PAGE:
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Murviel-lès-Montpellier, France

Lau A.A.,Lysosomal Diseases Research Unit | Lau A.A.,University of Adelaide | Hopwood J.J.,Lysosomal Diseases Research Unit | Hopwood J.J.,University of Adelaide | And 4 more authors.
Molecular Genetics and Metabolism | Year: 2010

Many viral backbones have been used as gene transfer vectors. However, the efficacy of therapy based on human-derived vectors may be limited by the high incidence of pre-existing humoral and cellular memory immunity. To circumvent some of the clinical disadvantages of vectors derived from common human pathogens, we have used an E1-deleted vector derived from a xenogenic adenovirus, canine adenovirus serotype 2 (CAV-2) to ameliorate neuropathological changes associated with the lysosomal storage disorder, mucopolysaccharidosis type IIIA (MPS IIIA). This presently untreatable condition is caused by N-sulfoglucosamine sulfohydrolase (SGSH) deficiency and is characterized by heparan sulfate accumulation and progressive neurodegeneration. Injection of CAV-SGSH-GFP into the thalamus of adult MPS IIIA mouse brain resulted in short-term gene expression. In contrast, intra-ventricular injection of newborn mice yielded dose-dependent transgene expression which persisted for at least 20-weeks and improved neuropathology. Together, these studies suggest that this E1-deleted CAV-2 vector is capable of mediating regional medium-term gene expression and facilitating improvements in neuropathology in MPS IIIA mice. © 2010 Elsevier Inc. All rights reserved. Source


Baronian G.,French National Center for Scientific Research | Ginda K.,Wroclaw University | Berry L.,French National Center for Scientific Research | Cohen-Gonsaud M.,Universites Montpellier I et | And 3 more authors.
PLoS ONE | Year: 2015

Here, we present for the first time that Mycobacterium tuberculosis ParB is phosphorylated by several mycobacterial Ser/Thr protein kinases in vitro . ParB and ParA are the key components of bacterial chromosome segregation apparatus. ParB is a cytosolic conserved protein that binds specifically to centromere-like DNA parS sequences and interacts with ParA, a weak ATPase required for its proper localization. Mass spectrometry identified the presence of ten phosphate groups, thus indicating that ParB is phosphorylated on eight threonines, Thr32, Thr41, Thr53, Thr110, Thr195, and Thr254, Thr300, Thr303 as well as on two serines, Ser5 and Ser239. The phosphorylation sites were further substituted either by alanine to prevent phosphorylation or aspartate to mimic constitutive phosphorylation. Electrophoretic mobility shift assays revealed a drastic inhibition of DNA-binding by ParB phosphomimetic mutant compared to wild type. In addition, bacterial two-hybrid experiments showed a loss of ParA-ParB interaction with the phosphomimetic mutant, indicating that phosphorylation is regulating the recruitment of the partitioning complex. Moreover, fluorescence microscopy experiments performed in the surrogate Mycobacterium smegmatis ΔparB strain revealed that in contrast to wild type Mtb ParB, which formed subpolar foci similar to M. smegmatis ParB, phoshomimetic Mtb ParB was delocalized. Thus, our findings highlight a novel regulatory role of the different isoforms of ParB representing a molecular switch in localization and functioning of partitioning protein in Mycobacterium tuberculosis. © 2015 Baronian et al. Source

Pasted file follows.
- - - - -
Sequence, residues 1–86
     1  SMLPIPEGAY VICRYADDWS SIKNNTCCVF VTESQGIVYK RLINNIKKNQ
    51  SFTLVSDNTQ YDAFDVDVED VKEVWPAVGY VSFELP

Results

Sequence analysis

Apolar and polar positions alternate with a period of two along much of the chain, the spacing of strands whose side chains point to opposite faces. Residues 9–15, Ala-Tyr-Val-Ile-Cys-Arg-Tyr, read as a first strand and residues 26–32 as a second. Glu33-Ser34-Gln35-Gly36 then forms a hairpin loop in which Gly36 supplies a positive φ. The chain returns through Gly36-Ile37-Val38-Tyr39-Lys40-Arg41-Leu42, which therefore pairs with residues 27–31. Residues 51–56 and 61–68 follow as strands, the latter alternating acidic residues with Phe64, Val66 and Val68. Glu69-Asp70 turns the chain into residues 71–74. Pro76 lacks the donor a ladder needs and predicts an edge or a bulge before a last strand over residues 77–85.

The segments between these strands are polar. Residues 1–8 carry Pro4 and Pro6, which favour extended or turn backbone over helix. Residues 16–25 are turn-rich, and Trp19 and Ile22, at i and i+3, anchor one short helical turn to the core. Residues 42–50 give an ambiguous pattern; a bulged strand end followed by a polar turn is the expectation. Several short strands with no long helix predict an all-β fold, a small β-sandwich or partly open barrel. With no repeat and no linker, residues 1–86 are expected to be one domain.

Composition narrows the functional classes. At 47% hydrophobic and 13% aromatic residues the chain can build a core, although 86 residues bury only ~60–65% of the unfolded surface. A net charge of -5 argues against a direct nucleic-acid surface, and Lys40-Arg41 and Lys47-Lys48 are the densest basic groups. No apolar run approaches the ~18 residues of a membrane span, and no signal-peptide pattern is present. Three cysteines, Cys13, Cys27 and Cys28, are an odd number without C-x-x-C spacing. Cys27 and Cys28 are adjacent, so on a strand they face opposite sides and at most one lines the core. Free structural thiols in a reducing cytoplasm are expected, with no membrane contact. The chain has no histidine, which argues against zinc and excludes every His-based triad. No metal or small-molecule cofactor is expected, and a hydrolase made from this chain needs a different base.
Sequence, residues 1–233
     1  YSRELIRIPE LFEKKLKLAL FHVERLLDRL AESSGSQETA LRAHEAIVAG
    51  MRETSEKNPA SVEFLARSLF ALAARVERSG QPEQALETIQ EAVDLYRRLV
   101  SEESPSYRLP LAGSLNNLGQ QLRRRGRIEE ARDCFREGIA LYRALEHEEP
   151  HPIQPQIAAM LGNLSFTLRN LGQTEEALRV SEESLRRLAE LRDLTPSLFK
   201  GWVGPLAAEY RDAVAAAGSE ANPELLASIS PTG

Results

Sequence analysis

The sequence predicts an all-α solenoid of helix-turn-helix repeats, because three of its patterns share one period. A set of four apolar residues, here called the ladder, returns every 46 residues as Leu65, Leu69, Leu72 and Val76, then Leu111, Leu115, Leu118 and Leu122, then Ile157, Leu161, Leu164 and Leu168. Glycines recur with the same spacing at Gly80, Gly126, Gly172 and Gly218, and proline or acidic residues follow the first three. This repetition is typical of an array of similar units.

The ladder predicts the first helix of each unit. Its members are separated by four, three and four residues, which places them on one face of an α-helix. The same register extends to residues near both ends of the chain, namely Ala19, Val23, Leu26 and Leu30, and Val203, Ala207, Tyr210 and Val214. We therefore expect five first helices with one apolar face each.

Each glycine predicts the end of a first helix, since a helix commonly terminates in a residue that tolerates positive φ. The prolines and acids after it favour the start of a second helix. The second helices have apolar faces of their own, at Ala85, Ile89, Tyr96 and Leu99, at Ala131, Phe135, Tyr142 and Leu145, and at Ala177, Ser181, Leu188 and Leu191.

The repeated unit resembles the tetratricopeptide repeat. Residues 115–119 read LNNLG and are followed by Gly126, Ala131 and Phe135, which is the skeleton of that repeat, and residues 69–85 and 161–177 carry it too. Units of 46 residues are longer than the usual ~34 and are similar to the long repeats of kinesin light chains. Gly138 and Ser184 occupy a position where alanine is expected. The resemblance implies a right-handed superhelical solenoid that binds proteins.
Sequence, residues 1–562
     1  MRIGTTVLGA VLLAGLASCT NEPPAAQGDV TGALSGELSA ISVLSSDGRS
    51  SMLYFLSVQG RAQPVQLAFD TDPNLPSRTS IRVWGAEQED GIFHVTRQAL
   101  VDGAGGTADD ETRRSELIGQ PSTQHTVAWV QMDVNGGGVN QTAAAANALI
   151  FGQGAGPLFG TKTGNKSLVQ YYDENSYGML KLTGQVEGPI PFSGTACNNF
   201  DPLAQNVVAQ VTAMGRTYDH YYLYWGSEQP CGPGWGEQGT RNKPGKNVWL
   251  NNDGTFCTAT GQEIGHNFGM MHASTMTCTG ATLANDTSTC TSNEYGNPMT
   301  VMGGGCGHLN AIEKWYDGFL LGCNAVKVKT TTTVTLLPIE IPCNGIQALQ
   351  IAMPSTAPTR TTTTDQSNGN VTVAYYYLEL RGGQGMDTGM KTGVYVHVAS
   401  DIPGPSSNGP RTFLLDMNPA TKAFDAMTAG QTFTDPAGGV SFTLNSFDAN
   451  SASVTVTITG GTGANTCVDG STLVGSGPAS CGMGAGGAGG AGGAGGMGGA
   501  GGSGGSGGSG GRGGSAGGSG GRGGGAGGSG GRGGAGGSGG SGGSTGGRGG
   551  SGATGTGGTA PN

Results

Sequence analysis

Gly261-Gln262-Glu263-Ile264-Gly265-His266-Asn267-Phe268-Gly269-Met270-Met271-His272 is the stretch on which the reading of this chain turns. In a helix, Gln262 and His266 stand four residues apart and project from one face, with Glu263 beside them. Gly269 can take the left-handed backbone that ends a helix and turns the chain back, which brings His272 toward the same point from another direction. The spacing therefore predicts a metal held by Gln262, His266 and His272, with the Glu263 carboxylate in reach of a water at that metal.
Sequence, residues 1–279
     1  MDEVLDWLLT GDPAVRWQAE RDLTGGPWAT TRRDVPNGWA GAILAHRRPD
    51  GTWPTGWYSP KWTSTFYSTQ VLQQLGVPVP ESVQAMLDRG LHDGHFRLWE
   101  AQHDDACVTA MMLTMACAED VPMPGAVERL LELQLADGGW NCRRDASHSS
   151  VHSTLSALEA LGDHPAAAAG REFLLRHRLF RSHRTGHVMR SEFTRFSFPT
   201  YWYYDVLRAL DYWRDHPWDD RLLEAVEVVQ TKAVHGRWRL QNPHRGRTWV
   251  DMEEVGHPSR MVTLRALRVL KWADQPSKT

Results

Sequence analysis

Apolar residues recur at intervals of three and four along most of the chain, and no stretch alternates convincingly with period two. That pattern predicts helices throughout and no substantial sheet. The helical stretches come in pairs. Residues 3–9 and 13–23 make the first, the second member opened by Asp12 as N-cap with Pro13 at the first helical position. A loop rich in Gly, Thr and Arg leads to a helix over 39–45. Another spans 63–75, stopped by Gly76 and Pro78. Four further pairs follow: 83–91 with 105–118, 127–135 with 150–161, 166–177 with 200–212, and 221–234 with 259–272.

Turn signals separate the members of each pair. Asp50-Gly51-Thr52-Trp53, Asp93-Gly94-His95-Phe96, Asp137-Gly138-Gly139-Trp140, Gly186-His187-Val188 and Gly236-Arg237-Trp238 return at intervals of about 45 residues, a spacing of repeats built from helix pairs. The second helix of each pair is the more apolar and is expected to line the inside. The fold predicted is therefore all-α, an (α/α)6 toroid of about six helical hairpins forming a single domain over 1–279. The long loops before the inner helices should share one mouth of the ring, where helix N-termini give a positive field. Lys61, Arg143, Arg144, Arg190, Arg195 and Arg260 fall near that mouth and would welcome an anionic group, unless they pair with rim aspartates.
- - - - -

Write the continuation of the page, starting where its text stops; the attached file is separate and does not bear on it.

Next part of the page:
Cattoni D.I.,Institute Nationale Of La Sante Et La Recherche Medicale | Cattoni D.I.,Universites Montpellier I et | Fiche J.-B.,Institute Nationale Of La Sante Et La Recherche Medicale | Fiche J.-B.,Universites Montpellier I et | And 5 more authors.
PLoS ONE | Year: 2013